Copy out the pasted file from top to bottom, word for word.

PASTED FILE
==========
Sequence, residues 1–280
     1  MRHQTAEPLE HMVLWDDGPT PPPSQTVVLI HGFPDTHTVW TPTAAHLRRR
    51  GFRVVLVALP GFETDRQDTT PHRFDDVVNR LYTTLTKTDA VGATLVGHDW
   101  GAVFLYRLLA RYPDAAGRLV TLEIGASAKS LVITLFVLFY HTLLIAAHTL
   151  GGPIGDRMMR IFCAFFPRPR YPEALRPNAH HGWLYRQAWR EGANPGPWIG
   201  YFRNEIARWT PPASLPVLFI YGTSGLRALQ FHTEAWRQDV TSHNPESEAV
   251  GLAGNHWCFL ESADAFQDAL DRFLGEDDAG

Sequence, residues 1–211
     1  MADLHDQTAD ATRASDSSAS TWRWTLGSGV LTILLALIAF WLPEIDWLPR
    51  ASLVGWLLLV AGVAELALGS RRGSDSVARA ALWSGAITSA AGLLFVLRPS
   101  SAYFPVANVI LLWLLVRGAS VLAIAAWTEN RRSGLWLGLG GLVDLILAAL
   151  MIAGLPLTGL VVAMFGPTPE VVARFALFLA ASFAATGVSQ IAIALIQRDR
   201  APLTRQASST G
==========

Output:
Sequence, residues 1–280
     1  MRHQTAEPLE HMVLWDDGPT PPPSQTVVLI HGFPDTHTVW TPTAAHLRRR
    51  GFRVVLVALP GFETDRQDTT PHRFDDVVNR LYTTLTKTDA VGATLVGHDW
   101  GAVFLYRLLA RYPDAAGRLV TLEIGASAKS LVITLFVLFY HTLLIAAHTL
   151  GGPIGDRMMR IFCAFFPRPR YPEALRPNAH HGWLYRQAWR EGANPGPWIG
   201  YFRNEIARWT PPASLPVLFI YGTSGLRALQ FHTEAWRQDV TSHNPESEAV
   251  GLAGNHWCFL ESADAFQDAL DRFLGEDDAG

Sequence, residues 1–211
     1  MADLHDQTAD ATRASDSSAS TWRWTLGSGV LTILLALIAF WLPEIDWLPR
    51  ASLVGWLLLV AGVAELALGS RRGSDSVARA ALWSGAITSA AGLLFVLRPS
   101  SAYFPVANVI LLWLLVRGAS VLAIAAWTEN RRSGLWLGLG GLVDLILAAL
   151  MIAGLPLTGL VVAMFGPTPE VVARFALFLA ASFAATGVSQ IAIALIQRDR
   201  APLTRQASST G